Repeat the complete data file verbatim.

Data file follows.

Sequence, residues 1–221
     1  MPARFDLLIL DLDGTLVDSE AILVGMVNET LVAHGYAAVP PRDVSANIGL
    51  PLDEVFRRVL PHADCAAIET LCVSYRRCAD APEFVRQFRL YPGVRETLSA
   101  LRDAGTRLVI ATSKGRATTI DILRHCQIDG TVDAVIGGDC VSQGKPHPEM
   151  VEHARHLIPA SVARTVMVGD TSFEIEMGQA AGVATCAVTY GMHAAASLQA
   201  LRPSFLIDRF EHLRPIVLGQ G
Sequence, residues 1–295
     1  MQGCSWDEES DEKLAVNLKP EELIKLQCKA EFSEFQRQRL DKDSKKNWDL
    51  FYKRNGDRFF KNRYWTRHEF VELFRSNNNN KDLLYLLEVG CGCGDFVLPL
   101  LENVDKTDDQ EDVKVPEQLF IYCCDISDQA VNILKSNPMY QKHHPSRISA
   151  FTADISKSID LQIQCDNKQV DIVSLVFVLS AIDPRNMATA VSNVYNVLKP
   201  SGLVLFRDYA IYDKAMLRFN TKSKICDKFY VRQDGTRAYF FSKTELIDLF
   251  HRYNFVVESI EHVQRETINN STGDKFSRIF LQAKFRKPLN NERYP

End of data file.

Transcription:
Sequence, residues 1–221
     1  MPARFDLLIL DLDGTLVDSE AILVGMVNET LVAHGYAAVP PRDVSANIGL
    51  PLDEVFRRVL PHADCAAIET LCVSYRRCAD APEFVRQFRL YPGVRETLSA
   101  LRDAGTRLVI ATSKGRATTI DILRHCQIDG TVDAVIGGDC VSQGKPHPEM
   151  VEHARHLIPA SVARTVMVGD TSFEIEMGQA AGVATCAVTY GMHAAASLQA
   201  LRPSFLIDRF EHLRPIVLGQ G
Sequence, residues 1–295
     1  MQGCSWDEES DEKLAVNLKP EELIKLQCKA EFSEFQRQRL DKDSKKNWDL
    51  FYKRNGDRFF KNRYWTRHEF VELFRSNNNN KDLLYLLEVG CGCGDFVLPL
   101  LENVDKTDDQ EDVKVPEQLF IYCCDISDQA VNILKSNPMY QKHHPSRISA
   151  FTADISKSID LQIQCDNKQV DIVSLVFVLS AIDPRNMATA VSNVYNVLKP
   201  SGLVLFRDYA IYDKAMLRFN TKSKICDKFY VRQDGTRAYF FSKTELIDLF
   251  HRYNFVVESI EHVQRETINN STGDKFSRIF LQAKFRKPLN NERYP